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Title: Linking high-pressure structure and density of albite liquid near the glass transition

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  1. (UCD)
  2. (
Publication Date:
Research Org.:
Argonne National Lab. (ANL), Argonne, IL (United States). Advanced Photon Source (APS)
Sponsoring Org.:
National Science Foundation (NSF)
OSTI Identifier:
Resource Type:
Journal Article
Resource Relation:
Journal Name: Geochim. Cosmochim. Acta; Journal Volume: 157; Journal Issue: 05, 2015
Country of Publication:
United States

Citation Formats

Gaudio, Sarah J., Lesher, Charles E., Maekawa, Hideki, Sen, Sabyasachi, Aarhus), and Tohoku). Linking high-pressure structure and density of albite liquid near the glass transition. United States: N. p., 2015. Web. doi:10.1016/j.gca.2015.02.017.
Gaudio, Sarah J., Lesher, Charles E., Maekawa, Hideki, Sen, Sabyasachi, Aarhus), & Tohoku). Linking high-pressure structure and density of albite liquid near the glass transition. United States. doi:10.1016/j.gca.2015.02.017.
Gaudio, Sarah J., Lesher, Charles E., Maekawa, Hideki, Sen, Sabyasachi, Aarhus), and Tohoku). Fri . "Linking high-pressure structure and density of albite liquid near the glass transition". United States. doi:10.1016/j.gca.2015.02.017.
title = {Linking high-pressure structure and density of albite liquid near the glass transition},
author = {Gaudio, Sarah J. and Lesher, Charles E. and Maekawa, Hideki and Sen, Sabyasachi and Aarhus) and Tohoku)},
abstractNote = {},
doi = {10.1016/j.gca.2015.02.017},
journal = {Geochim. Cosmochim. Acta},
number = 05, 2015,
volume = 157,
place = {United States},
year = {Fri May 01 00:00:00 EDT 2015},
month = {Fri May 01 00:00:00 EDT 2015}
  • Cited by 12
  • The authors have measured the relative enthalpy, H/sub T/ - H/sub 300K//sup glass/, and the heat capacities of CaMgSi/sub 2/O/sub 6/ (Di) stable liquid and glass; of KAlSi/sub 3/O/sub 8/ (Sa) stable and supercooled liquid and glass; of NaAlSi/sub 3/O/sub 8/ (Ab) liquid derived directly by melting solid albite; of crystalline, disordered albite itself; and of NaAlSiO/sub 4/ (Ne) liquid and glass. The authors have also determined the effect of annealing at 981 K on the enthalpy of the glasses quenched from liquids at high temperature. This effect is relatively small, ranging from 0 to 1100 cal/mol. Albite liquid preparedmore » by melting of the crystalline phase has a heat capacity and relative enthalpy indistinguishable from those of a liquid produced by heating the glass. The enthalpy of crystalline, disordered albite is equal to that predicted by heat capacity data collected below 1000 K for the triclinic phase by Hemingway et al (1981). The liquid heat capacities of Ab and Sa (88.2 and 89.5 ca/mol x K) are nearly equal and are much lower than that for An liquid (113 cal/mol x K), suggesting that the latter undergoes greater structural changes, possibly depolymerization, with increasing T. The entropies of fusion of Ab and Sa (10.9 and 9.4 cal/mol x K) are similar, and much of the difference between these values and that for An (17.7 cal/mol x K) could be due to Al/Si order in crystalline An. 55 references, 4 figures, 7 tables.« less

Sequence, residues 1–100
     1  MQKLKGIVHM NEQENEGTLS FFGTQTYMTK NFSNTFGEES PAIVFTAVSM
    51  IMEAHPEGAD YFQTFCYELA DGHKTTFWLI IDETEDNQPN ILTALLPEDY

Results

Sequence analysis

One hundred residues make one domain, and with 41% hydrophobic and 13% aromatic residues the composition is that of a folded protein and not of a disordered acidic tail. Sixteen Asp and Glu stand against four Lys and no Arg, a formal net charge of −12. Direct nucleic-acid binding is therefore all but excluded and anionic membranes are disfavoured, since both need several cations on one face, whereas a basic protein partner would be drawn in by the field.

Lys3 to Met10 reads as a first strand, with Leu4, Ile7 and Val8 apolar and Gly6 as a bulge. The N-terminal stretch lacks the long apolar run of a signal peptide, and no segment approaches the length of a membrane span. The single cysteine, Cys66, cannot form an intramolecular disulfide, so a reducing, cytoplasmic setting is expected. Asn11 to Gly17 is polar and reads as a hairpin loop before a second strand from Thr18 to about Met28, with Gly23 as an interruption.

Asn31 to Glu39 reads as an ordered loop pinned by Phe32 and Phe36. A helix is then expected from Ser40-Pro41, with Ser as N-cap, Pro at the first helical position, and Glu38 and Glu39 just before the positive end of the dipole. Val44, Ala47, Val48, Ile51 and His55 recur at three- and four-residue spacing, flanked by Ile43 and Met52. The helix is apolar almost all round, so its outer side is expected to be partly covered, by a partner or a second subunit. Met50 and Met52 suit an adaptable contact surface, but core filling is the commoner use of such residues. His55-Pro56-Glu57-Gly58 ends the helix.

• To investigate the effects of local density fluctuations on phonon propagation in a hydrogen bonded structure, we studied the thermal conductivity κ of the crystal, liquid, and glassy states of pure glycerol as a function of the temperature, T, and the pressure, p. We find that the following: (i) κ{sub crystal} is 3.6-times the κ{sub liquid} value at 140 K at 0.1 MPa and 2.2-times at 290 K, and it varies with T according to 138 × T{sup −0.95}; (ii) the ratio κ{sub liquid} (p)/κ{sub liquid} (0.1 MPa) is 1.45 GPa{sup −1} at 280 K, which, unexpectedly, is about themore » same as κ{sub crystal} (p)/κ{sub crystal} (0.1 MPa) of 1.42 GPa{sup −1} at 298 K; (iii) κ{sub glass} is relatively insensitive to T but sensitive to the applied p (1.38 GPa{sup −1} at 150 K); (iv) κ{sub glass}-T plots show an enhanced, pressure-dependent peak-like feature, which is due to the glass to liquid transition on heating; (v) continuous heating cold-crystallizes ultraviscous glycerol under pressure, at a higher T when p is high; and (vi) glycerol formed by cooling at a high p and then measured at a low p has a significantly higher κ than the glass formed by cooling at a low p. On heating at a fixed low p, its κ decreases before its glass-liquid transition range at that p is reached. We attribute this effect to thermally assisted loss of the configurational and vibrational instabilities of a glass formed at high p and recovered at low p, which is different from the usual glass-aging effect. While the heat capacity, entropy, and volume of glycerol crystal are less than those for its glass and liquid, κ{sub crystal} of glycerol, like its elastic modulus and refractive index, is higher. We discuss these findings in terms of the role of fluctuations in local density and structure, and the relations between κ and the thermodynamic quantities.« less